On 9/27/2011 8:28 AM, Jason Resch wrote:



On Tue, Sep 27, 2011 at 6:49 AM, Stephen P. King <stephe...@charter.net <mailto:stephe...@charter.net>> wrote:

    On 9/26/2011 7:56 PM, Jason Resch wrote:


    On Mon, Sep 26, 2011 at 12:14 PM, Stephen P. King
    <stephe...@charter.net <mailto:stephe...@charter.net>> wrote:

        On 9/26/2011 11:52 AM, Jason Resch wrote:


        On Mon, Sep 26, 2011 at 9:44 AM, Stephen P. King
        <stephe...@charter.net <mailto:stephe...@charter.net>> wrote:

            snip
            Jason,

                I really would like to understand how it is that the
            truth valuation of a proposition is not dependent on our
            knowledge of it can be used to affirm the meaning of the
            referent of that proposition independent of us?


        That sentence was hard to parse!  If I understand it
        correctly, you are asking how a truth, independent of our
        knowledge, can confer meaning to something without us?
        [SPK]
            Essentially, yes.



        Things unknown to anyone can have consequences which are
        eventually do make a difference to beings which are aware of
        the difference.  A comet colliding with the Earth and
        hitting a pond of unicellular organisms may have drastically
        altered the course of evolution on our planet.  That such a
        comet impact ocurred is a fact which is either true or
        false, despite it being independent of anyone's knowledge of
        it.  Yet it has perceptable results.

        [SPK]
            The web of causes and effects is an aspect of the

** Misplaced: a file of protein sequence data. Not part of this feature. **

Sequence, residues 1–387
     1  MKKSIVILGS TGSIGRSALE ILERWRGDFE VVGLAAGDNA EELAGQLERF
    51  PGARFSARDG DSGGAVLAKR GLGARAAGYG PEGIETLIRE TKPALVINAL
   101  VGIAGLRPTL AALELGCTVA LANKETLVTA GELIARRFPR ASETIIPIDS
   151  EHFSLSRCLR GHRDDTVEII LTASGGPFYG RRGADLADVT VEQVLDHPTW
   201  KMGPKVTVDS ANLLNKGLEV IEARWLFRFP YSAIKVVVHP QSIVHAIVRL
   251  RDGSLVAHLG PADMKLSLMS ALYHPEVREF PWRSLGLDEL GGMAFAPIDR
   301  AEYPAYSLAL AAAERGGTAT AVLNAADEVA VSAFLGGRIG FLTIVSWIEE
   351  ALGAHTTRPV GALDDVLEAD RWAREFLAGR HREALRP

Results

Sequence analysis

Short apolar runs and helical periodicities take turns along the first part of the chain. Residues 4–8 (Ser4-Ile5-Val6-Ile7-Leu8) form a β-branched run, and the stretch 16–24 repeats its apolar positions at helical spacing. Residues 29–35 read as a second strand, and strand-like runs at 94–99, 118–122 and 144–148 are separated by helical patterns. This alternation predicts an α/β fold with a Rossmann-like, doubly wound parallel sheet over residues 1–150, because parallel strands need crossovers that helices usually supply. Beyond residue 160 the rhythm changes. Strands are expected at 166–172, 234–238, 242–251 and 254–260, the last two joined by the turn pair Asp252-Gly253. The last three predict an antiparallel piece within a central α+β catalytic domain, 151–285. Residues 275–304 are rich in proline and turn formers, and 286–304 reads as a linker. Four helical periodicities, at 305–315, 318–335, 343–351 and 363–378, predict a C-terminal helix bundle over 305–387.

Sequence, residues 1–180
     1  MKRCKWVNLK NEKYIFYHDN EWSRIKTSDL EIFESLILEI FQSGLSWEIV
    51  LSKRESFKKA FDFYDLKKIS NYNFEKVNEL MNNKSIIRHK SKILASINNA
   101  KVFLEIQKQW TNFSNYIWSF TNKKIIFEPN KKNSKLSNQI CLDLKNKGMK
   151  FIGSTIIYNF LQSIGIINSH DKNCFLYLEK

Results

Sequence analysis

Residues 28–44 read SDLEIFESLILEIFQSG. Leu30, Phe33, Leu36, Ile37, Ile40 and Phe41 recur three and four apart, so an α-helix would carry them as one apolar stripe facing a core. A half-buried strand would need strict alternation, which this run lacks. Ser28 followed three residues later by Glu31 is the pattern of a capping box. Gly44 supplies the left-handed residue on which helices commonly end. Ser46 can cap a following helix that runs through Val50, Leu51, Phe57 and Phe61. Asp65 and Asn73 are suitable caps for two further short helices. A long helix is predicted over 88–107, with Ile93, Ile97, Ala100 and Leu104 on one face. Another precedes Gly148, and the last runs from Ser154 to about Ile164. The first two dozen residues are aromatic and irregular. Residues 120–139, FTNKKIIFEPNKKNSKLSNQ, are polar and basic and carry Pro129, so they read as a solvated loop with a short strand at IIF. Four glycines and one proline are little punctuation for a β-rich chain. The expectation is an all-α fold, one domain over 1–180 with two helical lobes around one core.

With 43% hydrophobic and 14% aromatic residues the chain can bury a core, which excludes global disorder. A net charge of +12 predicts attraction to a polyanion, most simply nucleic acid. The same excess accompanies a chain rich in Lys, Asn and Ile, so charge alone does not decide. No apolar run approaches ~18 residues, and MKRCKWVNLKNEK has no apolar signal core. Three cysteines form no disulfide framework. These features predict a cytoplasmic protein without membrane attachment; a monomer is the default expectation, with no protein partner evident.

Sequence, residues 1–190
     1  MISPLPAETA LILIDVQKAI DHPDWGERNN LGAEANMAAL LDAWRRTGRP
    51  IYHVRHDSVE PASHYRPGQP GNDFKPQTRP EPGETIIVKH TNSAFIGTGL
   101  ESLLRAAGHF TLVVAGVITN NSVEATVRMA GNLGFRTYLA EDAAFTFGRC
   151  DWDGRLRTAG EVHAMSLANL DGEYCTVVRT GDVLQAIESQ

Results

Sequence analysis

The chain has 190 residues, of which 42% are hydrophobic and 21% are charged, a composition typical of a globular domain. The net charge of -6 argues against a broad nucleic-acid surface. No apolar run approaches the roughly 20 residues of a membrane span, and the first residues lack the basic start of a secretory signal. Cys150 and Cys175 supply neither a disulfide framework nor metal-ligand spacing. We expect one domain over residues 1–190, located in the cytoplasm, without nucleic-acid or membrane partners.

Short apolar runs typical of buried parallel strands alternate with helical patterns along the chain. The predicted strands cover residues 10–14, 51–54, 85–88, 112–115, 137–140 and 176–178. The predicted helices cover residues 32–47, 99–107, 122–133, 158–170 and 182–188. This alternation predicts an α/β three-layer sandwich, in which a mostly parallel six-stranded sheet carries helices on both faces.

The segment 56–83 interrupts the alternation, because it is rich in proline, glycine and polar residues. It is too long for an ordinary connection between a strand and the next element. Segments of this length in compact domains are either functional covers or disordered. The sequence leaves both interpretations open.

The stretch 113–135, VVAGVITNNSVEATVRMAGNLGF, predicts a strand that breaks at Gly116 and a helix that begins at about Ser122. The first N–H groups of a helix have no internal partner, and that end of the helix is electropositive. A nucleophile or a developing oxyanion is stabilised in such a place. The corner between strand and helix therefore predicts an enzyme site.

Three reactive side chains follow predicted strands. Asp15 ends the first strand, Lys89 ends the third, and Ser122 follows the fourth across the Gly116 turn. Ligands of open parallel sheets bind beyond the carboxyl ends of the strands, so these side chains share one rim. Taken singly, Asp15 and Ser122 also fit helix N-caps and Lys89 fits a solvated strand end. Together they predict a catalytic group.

material universe. I am taking that concept into consideration.


        Correspondingly, the existence of some mathematical truth
        (even if not comprehended by anyone) can have effects for
        observers, in fact, it might explain both the observers
        themselves and their experiences.
        [SPK]
            Slow down! "existence of some mathematical truth"??? Do
        you mean the truth value of some existing mathematical
        statement? That is what I mean in my question by the phrase
        "truth valuation of a proposition". Is a truth value
        something that exists or does not exist?


    I am not sure what you mean by "exists" in this case so let me
    say this, the state of being true, or the state of being false,
    for the proposition in question, was settled before a human made
    a determination regarding that proposition.

    [SPK]
        Is the "state of being true" a physical state, like the "state
    of having 10 units of momentum"?


If the object under consideration is a physical object, you might be able to say that. If the object under consideration is 17, I would say no.
[SPK]
OK. So it is your belief that , in general, objects (of any categorical type) have specific and definite properties absent the specification of the means of observation? How do you explain the existence of conjugate observables in QM?


    Is there a "truth detector"?


There can be truth detectors, in some sense we may be truth detectors, but us discovery of a truth is not what makes it true.

    Are you sure that "state" and "true" are words that go together?


I am at a loss for an english word that conveys the status of true or false. We have the word parity for the status of even or odd, for example, but I could not think of such a word that conveys the same for true or false, which is why I used "the state of being true or false".

    AFAIK, true (or false) are values, like numbers. In fact logics
    can have truth values that range over any set of numbers. This
    puts truth valuations in the same category as numbers. No?


True and false can be represented by two different numbers, but I am not sure that makes them values in the same sense of numbers.
[SPK]
I was mentioning the fact that logics with truth values that range over different sets of values have been proven to exist. Logic is not limited to truth values over {0,1}, only Boolean logics are so restricted by their defining rules.